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Fellow peer says problem ‘seems to be getting worse’

Lord Ahmad of Wimbledon, Parliamentary Under Secretary of State for Transport, has said that the biggest challenge for “a London commuter” is avoiding cyclists, not trucks and cars. Answering a question as to what action was being taken to increase cyclists’ compliance with traffic laws and regulations, he pointed to the Bikeability scheme – which is likely to suffer a large cut in funding tomorrow.

BikeBiz reports that the question was asked by Labour peer, Lord Wills, who said that cycling on pavements was the issue that most incensed his constituents “apart from dog mess.”

“The situation seems to be getting worse. As record numbers of cyclists take to the roads in big cities, we see increasing examples of this sort of behaviour. Just a few weeks ago I was on Marylebone Road and I watched a cyclist jump a red light and weave off down the pavement between pedestrians, talking on his mobile phone as he went. When I said that perhaps he should not be doing that, he got off his bike and asked me to fight him.

“When I declined the invitation and pointed out that he was breaking the law, he said, ‘I know I’m breaking the law and you can’t do anything about it.’ However, the Minister could. I would be grateful if he could tell the House what more he could do to stop these bully boys on bikes terrorising pedestrians and bring some law and order to our pavements.”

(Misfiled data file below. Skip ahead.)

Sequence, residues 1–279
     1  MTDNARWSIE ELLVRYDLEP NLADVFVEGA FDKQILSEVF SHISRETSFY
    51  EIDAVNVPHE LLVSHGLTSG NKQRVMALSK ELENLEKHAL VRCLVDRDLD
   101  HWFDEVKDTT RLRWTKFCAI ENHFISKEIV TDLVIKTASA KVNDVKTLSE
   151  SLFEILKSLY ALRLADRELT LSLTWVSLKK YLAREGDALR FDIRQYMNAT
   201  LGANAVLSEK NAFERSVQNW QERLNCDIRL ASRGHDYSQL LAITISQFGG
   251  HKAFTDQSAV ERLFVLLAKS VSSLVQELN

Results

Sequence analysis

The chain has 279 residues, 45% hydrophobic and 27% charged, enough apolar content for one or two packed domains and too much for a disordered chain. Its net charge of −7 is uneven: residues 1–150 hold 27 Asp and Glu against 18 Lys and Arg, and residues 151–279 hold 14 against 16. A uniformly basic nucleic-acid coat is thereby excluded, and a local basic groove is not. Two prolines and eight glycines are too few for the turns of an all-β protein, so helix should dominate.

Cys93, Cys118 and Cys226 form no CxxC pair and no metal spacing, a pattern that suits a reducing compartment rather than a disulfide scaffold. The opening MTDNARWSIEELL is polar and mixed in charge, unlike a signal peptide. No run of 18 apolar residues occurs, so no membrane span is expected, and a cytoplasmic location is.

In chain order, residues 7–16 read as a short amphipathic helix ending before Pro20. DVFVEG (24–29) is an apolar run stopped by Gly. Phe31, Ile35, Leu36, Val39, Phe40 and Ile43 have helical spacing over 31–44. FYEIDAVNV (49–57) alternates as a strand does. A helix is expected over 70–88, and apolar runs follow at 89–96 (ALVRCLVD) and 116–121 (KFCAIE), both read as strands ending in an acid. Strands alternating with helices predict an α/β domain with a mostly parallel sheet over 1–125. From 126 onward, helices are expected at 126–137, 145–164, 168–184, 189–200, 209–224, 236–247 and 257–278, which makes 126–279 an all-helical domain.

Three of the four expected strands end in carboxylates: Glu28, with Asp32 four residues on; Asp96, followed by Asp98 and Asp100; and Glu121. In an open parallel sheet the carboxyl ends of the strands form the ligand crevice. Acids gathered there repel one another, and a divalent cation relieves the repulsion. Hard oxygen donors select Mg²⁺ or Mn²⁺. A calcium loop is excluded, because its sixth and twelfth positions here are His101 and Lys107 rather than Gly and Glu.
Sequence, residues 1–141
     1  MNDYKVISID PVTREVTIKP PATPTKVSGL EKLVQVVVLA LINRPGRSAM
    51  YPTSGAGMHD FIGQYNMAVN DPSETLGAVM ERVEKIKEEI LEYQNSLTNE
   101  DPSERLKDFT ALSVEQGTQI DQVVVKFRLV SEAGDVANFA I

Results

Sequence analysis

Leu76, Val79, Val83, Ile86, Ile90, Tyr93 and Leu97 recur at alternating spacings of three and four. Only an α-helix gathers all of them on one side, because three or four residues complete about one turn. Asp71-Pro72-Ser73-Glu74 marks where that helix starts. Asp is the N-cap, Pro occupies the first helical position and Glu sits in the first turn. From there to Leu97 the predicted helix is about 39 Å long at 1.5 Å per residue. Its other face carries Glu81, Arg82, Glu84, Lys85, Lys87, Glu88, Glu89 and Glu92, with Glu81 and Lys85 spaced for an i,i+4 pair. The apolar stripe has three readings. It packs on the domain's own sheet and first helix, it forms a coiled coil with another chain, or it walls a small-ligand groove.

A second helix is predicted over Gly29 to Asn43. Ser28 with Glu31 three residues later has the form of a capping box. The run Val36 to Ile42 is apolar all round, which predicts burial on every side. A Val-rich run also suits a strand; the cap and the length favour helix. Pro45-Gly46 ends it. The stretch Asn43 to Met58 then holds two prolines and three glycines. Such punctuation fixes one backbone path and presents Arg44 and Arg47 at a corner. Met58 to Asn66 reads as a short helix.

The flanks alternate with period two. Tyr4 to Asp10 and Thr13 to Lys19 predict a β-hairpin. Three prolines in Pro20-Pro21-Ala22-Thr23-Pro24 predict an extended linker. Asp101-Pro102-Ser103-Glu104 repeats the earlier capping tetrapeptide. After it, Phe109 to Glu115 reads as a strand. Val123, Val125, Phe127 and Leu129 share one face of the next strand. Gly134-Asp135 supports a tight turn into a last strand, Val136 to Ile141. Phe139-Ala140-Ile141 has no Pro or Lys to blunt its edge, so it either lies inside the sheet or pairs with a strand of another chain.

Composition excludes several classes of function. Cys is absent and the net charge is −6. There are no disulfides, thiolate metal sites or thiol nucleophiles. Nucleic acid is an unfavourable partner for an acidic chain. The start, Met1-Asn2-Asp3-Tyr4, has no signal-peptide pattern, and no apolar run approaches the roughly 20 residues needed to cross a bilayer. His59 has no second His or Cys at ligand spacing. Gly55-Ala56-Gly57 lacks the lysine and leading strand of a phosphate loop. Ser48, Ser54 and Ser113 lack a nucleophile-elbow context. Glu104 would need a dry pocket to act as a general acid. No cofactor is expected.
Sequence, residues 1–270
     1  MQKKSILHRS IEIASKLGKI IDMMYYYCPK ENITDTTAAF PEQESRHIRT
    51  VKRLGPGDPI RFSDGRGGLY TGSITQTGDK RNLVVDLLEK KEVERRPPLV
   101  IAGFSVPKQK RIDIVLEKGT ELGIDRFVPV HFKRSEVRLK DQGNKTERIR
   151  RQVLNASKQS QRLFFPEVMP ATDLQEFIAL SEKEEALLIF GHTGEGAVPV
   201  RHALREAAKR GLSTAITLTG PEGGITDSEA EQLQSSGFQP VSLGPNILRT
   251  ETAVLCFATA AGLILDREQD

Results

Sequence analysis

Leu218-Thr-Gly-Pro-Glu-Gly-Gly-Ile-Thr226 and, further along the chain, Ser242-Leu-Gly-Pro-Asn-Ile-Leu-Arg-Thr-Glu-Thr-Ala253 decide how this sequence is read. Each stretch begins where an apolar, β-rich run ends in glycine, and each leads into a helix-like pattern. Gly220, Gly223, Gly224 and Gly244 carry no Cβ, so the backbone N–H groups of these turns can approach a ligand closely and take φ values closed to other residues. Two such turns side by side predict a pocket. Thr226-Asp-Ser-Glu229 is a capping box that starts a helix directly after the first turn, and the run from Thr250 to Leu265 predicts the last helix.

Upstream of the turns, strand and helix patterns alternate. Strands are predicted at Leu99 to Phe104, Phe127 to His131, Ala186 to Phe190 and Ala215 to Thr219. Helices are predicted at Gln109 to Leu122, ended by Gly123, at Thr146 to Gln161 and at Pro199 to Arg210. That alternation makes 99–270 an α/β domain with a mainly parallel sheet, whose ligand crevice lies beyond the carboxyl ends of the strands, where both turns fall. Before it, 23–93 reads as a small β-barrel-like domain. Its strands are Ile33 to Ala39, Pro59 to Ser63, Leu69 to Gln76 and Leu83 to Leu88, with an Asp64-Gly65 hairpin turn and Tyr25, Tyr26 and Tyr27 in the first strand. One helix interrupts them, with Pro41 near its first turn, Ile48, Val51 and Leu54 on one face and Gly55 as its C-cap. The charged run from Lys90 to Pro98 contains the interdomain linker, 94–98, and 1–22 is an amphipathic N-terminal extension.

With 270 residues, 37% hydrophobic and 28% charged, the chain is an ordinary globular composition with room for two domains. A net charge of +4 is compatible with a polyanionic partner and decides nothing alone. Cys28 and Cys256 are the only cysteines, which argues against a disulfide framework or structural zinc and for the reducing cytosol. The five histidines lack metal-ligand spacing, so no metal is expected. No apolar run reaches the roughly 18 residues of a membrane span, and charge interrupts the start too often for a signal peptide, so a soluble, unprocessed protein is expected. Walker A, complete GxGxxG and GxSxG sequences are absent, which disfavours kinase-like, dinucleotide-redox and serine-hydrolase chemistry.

Lord Ahmad agreed, saying that when he was an MP, “I often said that the biggest challenge for a commuter in London was avoiding not trucks and cars but the cyclists who were possibly jumping red lights or riding on the pavements.”

He pointed to Operation Atrium which involved London police issuing tickets to cyclists breaking the rules as well as cycle training initiatives such as THINK! Cyclist and Bikeability, saying such schemes would “help us to educate cyclists, not just about the law but also about their responsibilities.”

Earlier today, Sustrans warned that government cuts will affect the number of children and schools that can offer Bikeability training.

Conservative peer Lord Robathan seemed unimpressed by the tone of the debate and asked how many motorists are killed or severely injured by cyclists in a year; how many pedestrians are killed or severely injured by cyclists a year; and how many cyclists are severely injured or killed by motorists and pedestrians in a year.

Lord Ahmad said he would answer in writing.

Liberal Democrat peer Lord Taverne said he would also be keen to see such figures before suggesting that everything possible should be done to encourage more people to cycle.

“The serious injuries caused by cyclists must pale into insignificance when compared to those caused by motorists. Does he not agree that everything possible must be done by the Government to encourage and support cycling, as was splendidly shown recently with the opening of the cycling superhighway route in London? After all, bicycles are the most efficient machine yet invented for turning energy into motion. Indeed, the bicycle has been accurately described as a kind of green car, which can run on tap water and tea cakes and, moreover, has a built-in gym.”

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